I've come across a problem in assessing the design of a Machine Learning solution I am involved in, which I will describe using a commonly known dataset, the Iris Dataset, and some drawings.
Suppose you have training information about the 3 flower classes contained in the Iris Dataset, which means you can train a multivariate classifier that can distinguish between these 3 flower classes.
However, my dataset 4 classes of flowers, i.e. one extra class that the classifier hasn't been trained on. This dataset I call the "Main" dataset. The classification is guaranteed to pick one of the 3 Iris Dataset classes, meaning you 100% misclassify any instance's of the 4th class not included in training.
The objective I have is to figure out the Main dataset's composition in the 3 Iris flower classes. I am trying to do this with a second dataset, which I call the "Auxiliary" dataset, containing ONLY the 4th extra class, with a size equal to the expected number of the 4th class's instances in the 4-class dataset. Thus, I get a picture of the possible outcome of using the Iris Classifier on the 4th flower class. Using the above, is it safe to infer the composition of the Main dataset in the 3 Iris classifier classes, by subtracting the composition of the instances based on the 4th class auxiliary dataset?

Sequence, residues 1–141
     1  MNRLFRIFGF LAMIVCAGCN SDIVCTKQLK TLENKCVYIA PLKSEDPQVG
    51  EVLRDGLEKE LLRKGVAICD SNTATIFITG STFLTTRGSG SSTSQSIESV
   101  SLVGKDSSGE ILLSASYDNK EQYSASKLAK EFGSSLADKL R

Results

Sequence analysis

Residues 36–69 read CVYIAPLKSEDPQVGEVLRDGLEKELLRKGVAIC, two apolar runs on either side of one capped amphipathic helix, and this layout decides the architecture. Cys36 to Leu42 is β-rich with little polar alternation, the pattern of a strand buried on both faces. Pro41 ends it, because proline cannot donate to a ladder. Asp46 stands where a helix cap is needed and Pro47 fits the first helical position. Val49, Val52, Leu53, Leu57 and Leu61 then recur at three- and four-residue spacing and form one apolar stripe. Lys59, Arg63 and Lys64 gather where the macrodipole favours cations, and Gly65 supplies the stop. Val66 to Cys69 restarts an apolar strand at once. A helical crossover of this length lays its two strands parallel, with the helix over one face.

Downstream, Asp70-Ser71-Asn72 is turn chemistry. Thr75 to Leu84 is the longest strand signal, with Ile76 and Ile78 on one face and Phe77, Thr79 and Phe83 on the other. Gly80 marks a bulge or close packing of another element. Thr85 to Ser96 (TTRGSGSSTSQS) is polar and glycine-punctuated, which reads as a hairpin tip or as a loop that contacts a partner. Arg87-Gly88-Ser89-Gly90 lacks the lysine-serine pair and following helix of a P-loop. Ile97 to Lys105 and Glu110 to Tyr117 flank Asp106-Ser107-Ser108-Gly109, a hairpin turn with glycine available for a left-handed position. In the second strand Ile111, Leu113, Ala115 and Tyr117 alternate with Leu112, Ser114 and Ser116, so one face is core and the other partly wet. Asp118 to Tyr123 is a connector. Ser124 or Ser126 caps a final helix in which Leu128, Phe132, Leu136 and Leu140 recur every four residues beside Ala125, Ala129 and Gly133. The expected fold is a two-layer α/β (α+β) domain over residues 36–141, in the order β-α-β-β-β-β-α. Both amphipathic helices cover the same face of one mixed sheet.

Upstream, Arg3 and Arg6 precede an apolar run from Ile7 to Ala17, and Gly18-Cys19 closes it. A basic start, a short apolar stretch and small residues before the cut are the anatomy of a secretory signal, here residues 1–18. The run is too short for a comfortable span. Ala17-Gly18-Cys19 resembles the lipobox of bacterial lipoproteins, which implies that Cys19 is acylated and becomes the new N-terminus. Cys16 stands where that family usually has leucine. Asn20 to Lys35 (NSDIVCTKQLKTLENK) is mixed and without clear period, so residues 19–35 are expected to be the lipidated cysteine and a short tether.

"Main" composition in Iris classes = "Main" output composition - "Auxiliary" output composition
Is there perhaps any literature relative to this?